avoided but in general a guide dog acts like any other dog when it is not
guiding someone.

IAN. Where can we go to buy your book?

DS. The paperback can be purchased at Amazoncom

It is also for sale on Barnes and Noble’s website as well as can be ordered
through Ingram.

The ebook can be purchased on Amazon.com/Kindle 

IAN. Tell us about your next book or a work in progress. Is it a sequel or a stand alone?

D.S. I’d like to write a fictional story. I began writing it a few years ago and have a few chapters of it already.

IAN. Any other links or info you'd like to share?

DS. You may visit my website at:
http://www.danielsaynuk.com

John Pearce: The IAN Interview




I started gathering the material for Treasure of Saint-Lazare during my days as a journalist in Washington and Germany, where I covered economics and finance for Associated Press and then the International Herald Tribune. I developed a keen interest in World War II when I lived down the street from an immense air-raid bunker in Frankfurt and kept on top of the war literature when I returned to the United States and went into business.

I only recently found time to write, and the first thought I had (as any novelist does) was “what if”?  My what-if moment was the time I realized there was a world-famous painting by the Italian old master Raphael, a contemporary of Leonardo, that was lost at the end of the war – and was still missing. From there it was but a short jump to a story about a hellish consortium of crooks who thought they knew where to find it.

IAN. Please tell us about your latest book
JP.Treasure of Saint-Lazare is the story of one man’s grudging quest for the truth. My protagonist, Eddie Grant, is a man who life has not treated at all well. His father, his wife and his young son were killed several years before the book’s action and he has been working ever since to dig out from under the emotional and psycological avalanche that brought down on him.

I’ve been extremely gratified at how well it’s been received. I’m a first-time author publishing from a tiny publishing company, and Treasure of Saint-Lazare still has ranked in the top 1% of all Kindle books almost from the time it hit the market. It’s also been in the Top 100 Kindle historical mysteries almost all of that time, and in the Top 100 of all Kindle books for about half the time. Needless to say, I’m pleased.

IAN. How long did it take to write Treasure of Saint-Lazare?
JP. From concept to publication, three years. However, the first two years were a sort of self-imposed timeout. I began the writing but discovered pretty quickly that I didn’t know how to write a novel, so I stepped back and began a self-study program. Then I came back to the writing in late 2011 and had it finished and on the market by October 2012.

IAN. What inspired you to write the book?
JP. My interest in the war, in art and in France, in no particular order. Also, I had wanted for years – decades, really – to write a novel like this. I still have notes from back in the day for a John Le Carré clone that, fortunately, I had sense enough to kill and bury.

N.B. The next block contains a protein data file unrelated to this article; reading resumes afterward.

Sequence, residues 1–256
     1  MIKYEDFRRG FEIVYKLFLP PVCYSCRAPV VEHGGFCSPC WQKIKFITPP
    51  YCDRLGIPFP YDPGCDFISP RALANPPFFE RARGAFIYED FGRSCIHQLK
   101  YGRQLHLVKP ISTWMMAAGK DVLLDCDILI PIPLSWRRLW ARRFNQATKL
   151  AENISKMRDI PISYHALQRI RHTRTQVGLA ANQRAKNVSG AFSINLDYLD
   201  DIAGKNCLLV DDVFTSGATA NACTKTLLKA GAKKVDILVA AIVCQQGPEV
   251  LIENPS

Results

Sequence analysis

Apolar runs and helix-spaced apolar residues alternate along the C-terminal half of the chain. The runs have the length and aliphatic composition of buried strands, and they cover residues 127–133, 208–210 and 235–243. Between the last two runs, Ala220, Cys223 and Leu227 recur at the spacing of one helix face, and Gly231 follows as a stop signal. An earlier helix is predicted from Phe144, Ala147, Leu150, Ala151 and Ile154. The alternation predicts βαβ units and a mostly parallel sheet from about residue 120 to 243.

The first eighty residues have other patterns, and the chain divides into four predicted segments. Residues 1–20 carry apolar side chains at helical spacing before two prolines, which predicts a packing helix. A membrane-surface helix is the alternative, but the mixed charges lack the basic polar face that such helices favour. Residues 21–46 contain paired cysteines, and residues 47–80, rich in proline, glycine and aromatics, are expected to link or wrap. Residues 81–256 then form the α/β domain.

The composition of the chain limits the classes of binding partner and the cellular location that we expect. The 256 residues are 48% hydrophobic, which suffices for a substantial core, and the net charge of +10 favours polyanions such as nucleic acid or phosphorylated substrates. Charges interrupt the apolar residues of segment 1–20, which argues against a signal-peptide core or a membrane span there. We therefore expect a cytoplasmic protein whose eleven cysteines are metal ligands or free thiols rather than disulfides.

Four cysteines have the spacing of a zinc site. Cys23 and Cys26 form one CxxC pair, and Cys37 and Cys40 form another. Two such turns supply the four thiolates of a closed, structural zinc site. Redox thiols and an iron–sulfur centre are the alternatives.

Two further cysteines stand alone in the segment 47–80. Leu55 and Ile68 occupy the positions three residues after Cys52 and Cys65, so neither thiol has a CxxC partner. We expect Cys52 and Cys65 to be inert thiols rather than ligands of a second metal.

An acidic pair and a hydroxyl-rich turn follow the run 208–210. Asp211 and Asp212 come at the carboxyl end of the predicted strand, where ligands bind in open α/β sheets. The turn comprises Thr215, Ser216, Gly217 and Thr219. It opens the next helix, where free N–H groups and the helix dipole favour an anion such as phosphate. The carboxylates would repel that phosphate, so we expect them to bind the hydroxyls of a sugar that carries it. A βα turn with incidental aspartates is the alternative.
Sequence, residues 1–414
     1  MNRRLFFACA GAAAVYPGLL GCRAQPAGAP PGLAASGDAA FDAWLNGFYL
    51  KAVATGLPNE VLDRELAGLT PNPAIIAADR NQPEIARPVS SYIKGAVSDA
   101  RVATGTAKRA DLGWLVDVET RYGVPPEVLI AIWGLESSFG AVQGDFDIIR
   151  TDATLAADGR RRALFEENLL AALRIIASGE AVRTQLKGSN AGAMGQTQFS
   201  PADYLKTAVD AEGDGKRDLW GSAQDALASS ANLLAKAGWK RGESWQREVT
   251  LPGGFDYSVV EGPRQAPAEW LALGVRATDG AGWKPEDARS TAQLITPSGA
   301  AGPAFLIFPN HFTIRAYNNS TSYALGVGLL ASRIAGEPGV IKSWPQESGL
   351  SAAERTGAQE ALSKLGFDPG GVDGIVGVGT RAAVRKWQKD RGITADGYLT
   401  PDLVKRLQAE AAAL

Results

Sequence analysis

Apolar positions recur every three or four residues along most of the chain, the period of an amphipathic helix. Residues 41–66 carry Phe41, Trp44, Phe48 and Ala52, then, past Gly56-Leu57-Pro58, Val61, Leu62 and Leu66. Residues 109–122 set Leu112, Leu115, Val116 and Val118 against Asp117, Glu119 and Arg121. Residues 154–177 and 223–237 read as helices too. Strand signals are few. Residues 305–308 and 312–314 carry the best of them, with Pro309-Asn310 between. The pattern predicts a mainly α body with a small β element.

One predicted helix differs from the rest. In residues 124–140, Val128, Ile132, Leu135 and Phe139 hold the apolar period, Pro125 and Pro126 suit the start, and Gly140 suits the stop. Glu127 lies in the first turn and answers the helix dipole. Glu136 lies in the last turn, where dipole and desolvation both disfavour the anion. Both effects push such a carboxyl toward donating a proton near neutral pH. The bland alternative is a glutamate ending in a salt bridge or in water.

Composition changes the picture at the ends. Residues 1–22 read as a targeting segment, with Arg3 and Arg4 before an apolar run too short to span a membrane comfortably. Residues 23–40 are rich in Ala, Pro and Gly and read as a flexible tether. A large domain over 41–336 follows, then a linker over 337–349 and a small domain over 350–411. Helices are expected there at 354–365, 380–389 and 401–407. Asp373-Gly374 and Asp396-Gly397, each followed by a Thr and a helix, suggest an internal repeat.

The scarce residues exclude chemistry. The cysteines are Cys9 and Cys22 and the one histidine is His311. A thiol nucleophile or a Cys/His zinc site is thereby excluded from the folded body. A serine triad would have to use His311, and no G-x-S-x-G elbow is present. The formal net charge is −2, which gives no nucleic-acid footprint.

IAN. Talk about the writing process.
JP. I worked on morning newspapers so I’ve never broken the habit of afternoon work. I get up at a reasonable hour, take a three-mile walk, have a leisurely breakfast, read the New York Times, and then around lunchtime I turn to work for three to five hours.

IAN. Did you use an outline or do you just wing the first draft?
JP. Yes is the best answer I can give. I don’t do a formal outline but I gather hundreds of notes using Evernote, which I’ve been using for as long as it’s been in business. I now have almost 17,000 notes, not all of them about my books. I organize those notes and construct a rough chapter outline in Scrivener, then write to that outline.

IAN. Is your book published in print, e-book or both?
JP. My main market is Kindle readers, because that’s what I am and that’s where I think the novel market is headed. I also have a trade paperback, which has been very popular in Sarasota, FL, where I live, because our population is a touch older and hasn’t yet fully embraced ebooks, to put it delicately.

IAN. What do you hope your readers come away with after reading your book?
JP. I hope they see a story of a man’s ability to change his life when he’s forced to step up to an unwanted task. My protagonist, Eddie, is far from a perfect guy but he knows his failings and makes huge progress toward overcoming them.

IAN. Where can we go to buy Treasure of Saint-Lazare?
JP. Amazon.

IAN. Tell us about your next book or a work in progress. Is it a sequel or a stand alone?
JP. I’ve finished plotting a sequel and have begun the writing. My publication goal is third quarter 2013, but I’m willing to let that slide if another few months will give me the chance to polish it.

Treasure of Saint-Lazare
296 pages
Historical Mystery
Publisher: Alesia Press LLC. (www.alesiapress.com)